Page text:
|4/18/19: For Immediate Release||Governor Andrew Cuomo|
New Law Prohibits Commercial Fishing of Menhaden with Industrial Purse Seine Nets to Protect Important Food Source for Sportfish and Whales. Critical Measure will Prevent Overfishing and Improve Health of New York’s Economically Vital Coastal Waters and Commercial Fisheries
Governor Andrew M. Cuomo today signed legislation (A2571 Englebright/S2317 Kaminsky) to protect menhaden, a fish whose population recovery has been instrumental in restoring striped bass, whales, dolphins, bluefish, coastal sharks, predatory fish, seals, and seabirds, among other species to New York’s waters. The measure will strengthen conservation efforts to protect this vital bait fish by prohibiting the commercial use of an industrial net, known as purse seines, that can encircle an entire school of fish.
“New York has made significant investments to improve our habitat, clean up sources of harmful pollution, and restore a healthy diversity of life to our waters,” Governor Cuomo said. “This critical new law will help us further protect a vital fishery that supports species important to our sportfishing economy, as well as the majestic whales and other marine life that are once again returning to our state’s coastal waters.”
The measure signed today prohibits the taking of menhaden with the use of purse seines, fishing nets as large as six city blocks, held down by weights at the bottom and buoyed by floats at the top edge that draw closed around the fish. An important commercial baitfish, menhaden are also harvested for production of fish oil, fertilizer, and fishmeal. Prohibiting the use of purse seines in New York’s waters supports our fishermen, who use more sustainable taking methods, and increases their ability to access menhaden, also known as bunker.
Bunker were historically abundant in New York’s waters until overfishing reduced their populations significantly. Since 2012, when the Atlantic States Marine Fisheries Commission acted to restore the menhaden population the fish have slowly rebounded. In addition, DEC increased harvest reporting requirements in 2011 to better track New York bait landings. New York’s focused management has resulted in a healthier, older, and larger menhaden population.
Menhaden are sensitive to oxygen levels in the water and regularly die off by the thousands when large schools enter confined waters in hot weather. Scores of the dead fish often wash ashore, polluting beaches and producing unpleasant odors, and removing them come at a significant cost to affected municipalities. To help prevent such situations, the new law includes an important provision that allows DEC to issue a temporary order that authorizes the use of purse seines to reduce the population when there is an imminent risk of a fish kill.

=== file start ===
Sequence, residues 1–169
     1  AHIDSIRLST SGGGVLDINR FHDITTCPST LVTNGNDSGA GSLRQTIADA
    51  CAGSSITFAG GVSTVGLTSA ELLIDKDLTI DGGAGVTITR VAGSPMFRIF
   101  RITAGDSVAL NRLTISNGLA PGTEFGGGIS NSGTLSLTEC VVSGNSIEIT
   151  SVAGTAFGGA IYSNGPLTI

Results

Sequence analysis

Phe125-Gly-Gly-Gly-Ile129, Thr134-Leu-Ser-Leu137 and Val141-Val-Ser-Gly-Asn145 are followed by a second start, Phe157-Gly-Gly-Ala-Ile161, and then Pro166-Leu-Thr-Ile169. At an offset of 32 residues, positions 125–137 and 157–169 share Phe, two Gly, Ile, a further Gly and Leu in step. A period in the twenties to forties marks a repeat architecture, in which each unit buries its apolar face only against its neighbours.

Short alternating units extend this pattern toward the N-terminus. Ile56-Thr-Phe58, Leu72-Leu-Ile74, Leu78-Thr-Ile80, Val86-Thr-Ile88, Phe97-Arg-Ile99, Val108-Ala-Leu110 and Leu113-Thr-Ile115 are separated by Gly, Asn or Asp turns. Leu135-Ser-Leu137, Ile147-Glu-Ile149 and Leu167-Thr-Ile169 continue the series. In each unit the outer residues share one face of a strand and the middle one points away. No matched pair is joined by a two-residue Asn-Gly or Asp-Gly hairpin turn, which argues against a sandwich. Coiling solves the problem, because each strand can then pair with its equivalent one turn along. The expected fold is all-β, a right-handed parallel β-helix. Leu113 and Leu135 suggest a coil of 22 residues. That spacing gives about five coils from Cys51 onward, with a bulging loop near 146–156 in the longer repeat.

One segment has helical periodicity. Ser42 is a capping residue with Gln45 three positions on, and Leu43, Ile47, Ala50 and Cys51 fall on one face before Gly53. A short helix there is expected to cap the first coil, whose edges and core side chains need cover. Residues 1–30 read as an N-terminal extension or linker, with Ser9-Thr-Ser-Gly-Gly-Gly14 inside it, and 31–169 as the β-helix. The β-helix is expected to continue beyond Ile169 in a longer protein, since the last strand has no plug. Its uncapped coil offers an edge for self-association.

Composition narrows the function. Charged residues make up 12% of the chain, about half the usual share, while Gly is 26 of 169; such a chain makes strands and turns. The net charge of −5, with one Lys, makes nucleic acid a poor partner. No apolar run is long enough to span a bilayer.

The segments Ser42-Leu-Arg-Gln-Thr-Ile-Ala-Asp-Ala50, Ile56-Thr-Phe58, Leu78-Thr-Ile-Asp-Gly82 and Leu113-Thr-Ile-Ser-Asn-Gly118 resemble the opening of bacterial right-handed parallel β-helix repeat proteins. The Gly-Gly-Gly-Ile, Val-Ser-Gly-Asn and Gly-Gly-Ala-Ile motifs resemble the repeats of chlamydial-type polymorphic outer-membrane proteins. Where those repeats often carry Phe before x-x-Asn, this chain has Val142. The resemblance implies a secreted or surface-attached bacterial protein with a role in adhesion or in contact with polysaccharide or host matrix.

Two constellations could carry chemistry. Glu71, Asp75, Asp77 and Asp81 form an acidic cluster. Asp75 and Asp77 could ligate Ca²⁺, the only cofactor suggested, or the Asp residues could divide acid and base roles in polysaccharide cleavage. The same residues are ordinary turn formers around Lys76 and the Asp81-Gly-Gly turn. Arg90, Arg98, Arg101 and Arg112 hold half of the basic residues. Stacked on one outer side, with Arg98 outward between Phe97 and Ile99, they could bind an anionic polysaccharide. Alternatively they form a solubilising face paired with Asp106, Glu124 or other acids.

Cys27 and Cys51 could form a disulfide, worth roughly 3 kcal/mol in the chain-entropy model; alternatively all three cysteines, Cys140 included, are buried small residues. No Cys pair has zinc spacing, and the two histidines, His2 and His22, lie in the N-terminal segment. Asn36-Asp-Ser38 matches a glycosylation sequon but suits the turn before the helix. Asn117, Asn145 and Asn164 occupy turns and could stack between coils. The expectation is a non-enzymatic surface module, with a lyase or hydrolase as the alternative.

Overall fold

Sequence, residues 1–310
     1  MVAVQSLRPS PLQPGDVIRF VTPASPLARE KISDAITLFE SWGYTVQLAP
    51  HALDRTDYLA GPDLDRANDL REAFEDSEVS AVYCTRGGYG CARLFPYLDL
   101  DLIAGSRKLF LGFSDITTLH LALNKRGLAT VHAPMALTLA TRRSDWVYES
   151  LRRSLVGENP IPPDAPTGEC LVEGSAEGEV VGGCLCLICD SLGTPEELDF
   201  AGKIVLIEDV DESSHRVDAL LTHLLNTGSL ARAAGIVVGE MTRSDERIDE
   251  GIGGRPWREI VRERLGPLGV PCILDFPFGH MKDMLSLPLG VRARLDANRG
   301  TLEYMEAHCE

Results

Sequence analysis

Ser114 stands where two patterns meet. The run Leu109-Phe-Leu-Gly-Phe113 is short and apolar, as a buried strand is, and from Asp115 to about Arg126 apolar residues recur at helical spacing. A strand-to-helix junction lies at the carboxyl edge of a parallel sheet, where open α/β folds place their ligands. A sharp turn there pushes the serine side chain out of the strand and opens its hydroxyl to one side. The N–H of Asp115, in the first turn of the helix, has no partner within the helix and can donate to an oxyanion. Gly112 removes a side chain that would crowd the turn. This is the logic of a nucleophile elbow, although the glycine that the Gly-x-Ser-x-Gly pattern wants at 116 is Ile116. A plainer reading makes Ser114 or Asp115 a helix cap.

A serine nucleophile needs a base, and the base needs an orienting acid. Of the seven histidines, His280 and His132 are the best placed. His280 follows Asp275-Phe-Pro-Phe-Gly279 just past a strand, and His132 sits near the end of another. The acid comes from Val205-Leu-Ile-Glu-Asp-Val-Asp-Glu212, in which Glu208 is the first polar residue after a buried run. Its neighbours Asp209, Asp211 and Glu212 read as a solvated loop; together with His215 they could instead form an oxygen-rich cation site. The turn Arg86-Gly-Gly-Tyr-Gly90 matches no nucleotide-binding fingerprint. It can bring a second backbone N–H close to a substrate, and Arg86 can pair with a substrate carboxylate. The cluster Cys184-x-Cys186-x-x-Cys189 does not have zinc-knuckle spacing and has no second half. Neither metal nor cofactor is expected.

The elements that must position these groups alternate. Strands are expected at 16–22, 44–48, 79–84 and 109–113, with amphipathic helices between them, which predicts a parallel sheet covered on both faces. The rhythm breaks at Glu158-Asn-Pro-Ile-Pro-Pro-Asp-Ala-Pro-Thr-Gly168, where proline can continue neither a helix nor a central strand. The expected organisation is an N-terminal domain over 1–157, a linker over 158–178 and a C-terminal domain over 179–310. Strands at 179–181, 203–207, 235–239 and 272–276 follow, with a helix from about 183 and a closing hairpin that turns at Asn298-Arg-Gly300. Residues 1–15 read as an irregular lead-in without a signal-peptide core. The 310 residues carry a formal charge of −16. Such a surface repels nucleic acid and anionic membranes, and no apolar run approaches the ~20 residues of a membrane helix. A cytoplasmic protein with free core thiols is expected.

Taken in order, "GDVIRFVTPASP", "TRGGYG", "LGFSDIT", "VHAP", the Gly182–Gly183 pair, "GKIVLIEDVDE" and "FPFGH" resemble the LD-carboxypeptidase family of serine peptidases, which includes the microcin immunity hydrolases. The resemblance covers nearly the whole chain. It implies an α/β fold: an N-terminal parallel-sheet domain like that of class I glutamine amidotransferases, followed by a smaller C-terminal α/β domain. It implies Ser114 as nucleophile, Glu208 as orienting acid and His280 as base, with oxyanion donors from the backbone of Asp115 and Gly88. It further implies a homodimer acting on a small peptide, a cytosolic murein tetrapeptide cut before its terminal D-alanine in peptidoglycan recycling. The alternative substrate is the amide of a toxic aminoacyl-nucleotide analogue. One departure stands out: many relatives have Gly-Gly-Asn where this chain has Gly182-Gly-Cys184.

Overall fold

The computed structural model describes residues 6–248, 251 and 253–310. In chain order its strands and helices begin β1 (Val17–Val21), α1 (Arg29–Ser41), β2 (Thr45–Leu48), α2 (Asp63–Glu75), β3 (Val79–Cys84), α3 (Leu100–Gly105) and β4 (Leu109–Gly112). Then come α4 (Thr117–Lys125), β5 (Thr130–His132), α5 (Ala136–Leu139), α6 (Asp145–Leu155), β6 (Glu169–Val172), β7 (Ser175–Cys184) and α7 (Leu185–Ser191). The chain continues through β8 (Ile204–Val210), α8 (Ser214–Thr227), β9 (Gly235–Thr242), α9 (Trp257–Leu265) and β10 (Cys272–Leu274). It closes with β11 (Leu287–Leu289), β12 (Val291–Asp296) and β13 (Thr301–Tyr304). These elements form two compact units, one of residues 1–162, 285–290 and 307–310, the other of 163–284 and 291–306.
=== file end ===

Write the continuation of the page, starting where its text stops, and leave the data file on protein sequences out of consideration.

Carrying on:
Menhaden are a key part of the food chain in New York’s coastal waters and the Hudson River Estuary. Increased menhaden abundance in New York’s nearshore oceans and the diverse wildlife that visit to feed on them provide enhanced opportunities for wildlife watchers and our state’s commercial and recreational fishermen.
Along the Atlantic coast, commercial fisheries bring in over $46 billion and support 340,000 jobs, while 14 million recreational anglers expend $16 billion annually and support 167,086 jobs. Additionally, the ecotourism industry is robust throughout the Atlantic coast with almost 29 million wildlife watchers contributing $17 billion in expenditures annually.
Department of Environmental Conservation (DEC) Commissioner Basil Seggos said, “Menhaden are a keystone to a healthy and vibrant coastal ecosystem, and through Governor Cuomo’s leadership and the support of our partners in the Senate and Assembly, this new law will help the continued recovery of our vital fisheries. This measure will enhance our ongoing efforts to bolster our fishing economy and sustain this essential industry.”
Senator Todd Kaminsky said, “It is essential for tomorrow that we protect our planet today – especially the vital natural resources here on Long Island and across our state. I am thankful to Governor Andrew M. Cuomo for signing my legislation to protect the menhaden population – this important step will preserve a vital species in the Atlantic Ocean.”
Assembly Member Steve Englebright said, “Often referred to as ‘the most important fish in the sea’ Menhaden are an important part of the diet of many fish including striped bass, bluefish, and whales. They are also consumed by sea birds. Local fishermen use the fish for bait. My legislation will protect our local waters from the kind of industrial overfishing that can devastate a species. I want to thank Governor Cuomo for signing this bill into law.”
Governor Cuomo has made significant investments in supporting the region’s marine resources, including the largest expansion of the state’s Artificial Reef program in state history, a record $300 million Environmental Protection Fund investment, the $2.5 billion Clean Water Infrastructure Act and $500 million additional funds for clean water in the 2019-2020 budget, more than $2 million for the NY Sea Grant program to mitigate Long Island brown tide, and actions taken to ban off-shore drilling along New York’s coastline. New York’s marine resources are critical to the state’s economy, supporting nearly 350,000 jobs and generating billions of dollars through tourism, fishing and other industries.
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